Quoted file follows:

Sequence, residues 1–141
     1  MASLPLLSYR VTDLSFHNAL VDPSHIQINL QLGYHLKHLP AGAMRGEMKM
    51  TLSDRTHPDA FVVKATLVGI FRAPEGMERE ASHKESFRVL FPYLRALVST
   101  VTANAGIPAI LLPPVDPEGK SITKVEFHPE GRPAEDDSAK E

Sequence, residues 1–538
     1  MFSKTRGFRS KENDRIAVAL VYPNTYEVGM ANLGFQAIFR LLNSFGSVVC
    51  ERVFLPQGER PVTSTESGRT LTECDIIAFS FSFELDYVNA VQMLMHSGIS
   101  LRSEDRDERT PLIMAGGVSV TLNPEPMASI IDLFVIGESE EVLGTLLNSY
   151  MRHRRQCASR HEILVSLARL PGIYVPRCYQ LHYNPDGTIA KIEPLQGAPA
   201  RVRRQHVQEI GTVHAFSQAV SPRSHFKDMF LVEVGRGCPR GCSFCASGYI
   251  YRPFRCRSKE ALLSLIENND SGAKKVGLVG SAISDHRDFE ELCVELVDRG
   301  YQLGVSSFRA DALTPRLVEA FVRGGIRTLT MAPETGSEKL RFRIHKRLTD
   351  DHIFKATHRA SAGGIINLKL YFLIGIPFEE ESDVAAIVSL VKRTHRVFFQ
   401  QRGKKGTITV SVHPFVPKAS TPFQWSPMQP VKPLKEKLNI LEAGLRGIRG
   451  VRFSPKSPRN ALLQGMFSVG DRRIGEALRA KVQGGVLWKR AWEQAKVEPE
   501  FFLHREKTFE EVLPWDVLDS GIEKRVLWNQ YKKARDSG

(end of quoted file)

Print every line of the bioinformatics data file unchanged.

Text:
Sequence, residues 1–141
     1  MASLPLLSYR VTDLSFHNAL VDPSHIQINL QLGYHLKHLP AGAMRGEMKM
    51  TLSDRTHPDA FVVKATLVGI FRAPEGMERE ASHKESFRVL FPYLRALVST
   101  VTANAGIPAI LLPPVDPEGK SITKVEFHPE GRPAEDDSAK E

Sequence, residues 1–538
     1  MFSKTRGFRS KENDRIAVAL VYPNTYEVGM ANLGFQAIFR LLNSFGSVVC
    51  ERVFLPQGER PVTSTESGRT LTECDIIAFS FSFELDYVNA VQMLMHSGIS
   101  LRSEDRDERT PLIMAGGVSV TLNPEPMASI IDLFVIGESE EVLGTLLNSY
   151  MRHRRQCASR HEILVSLARL PGIYVPRCYQ LHYNPDGTIA KIEPLQGAPA
   201  RVRRQHVQEI GTVHAFSQAV SPRSHFKDMF LVEVGRGCPR GCSFCASGYI
   251  YRPFRCRSKE ALLSLIENND SGAKKVGLVG SAISDHRDFE ELCVELVDRG
   301  YQLGVSSFRA DALTPRLVEA FVRGGIRTLT MAPETGSEKL RFRIHKRLTD
   351  DHIFKATHRA SAGGIINLKL YFLIGIPFEE ESDVAAIVSL VKRTHRVFFQ
   401  QRGKKGTITV SVHPFVPKAS TPFQWSPMQP VKPLKEKLNI LEAGLRGIRG
   451  VRFSPKSPRN ALLQGMFSVG DRRIGEALRA KVQGGVLWKR AWEQAKVEPE
   501  FFLHREKTFE EVLPWDVLDS GIEKRVLWNQ YKKARDSG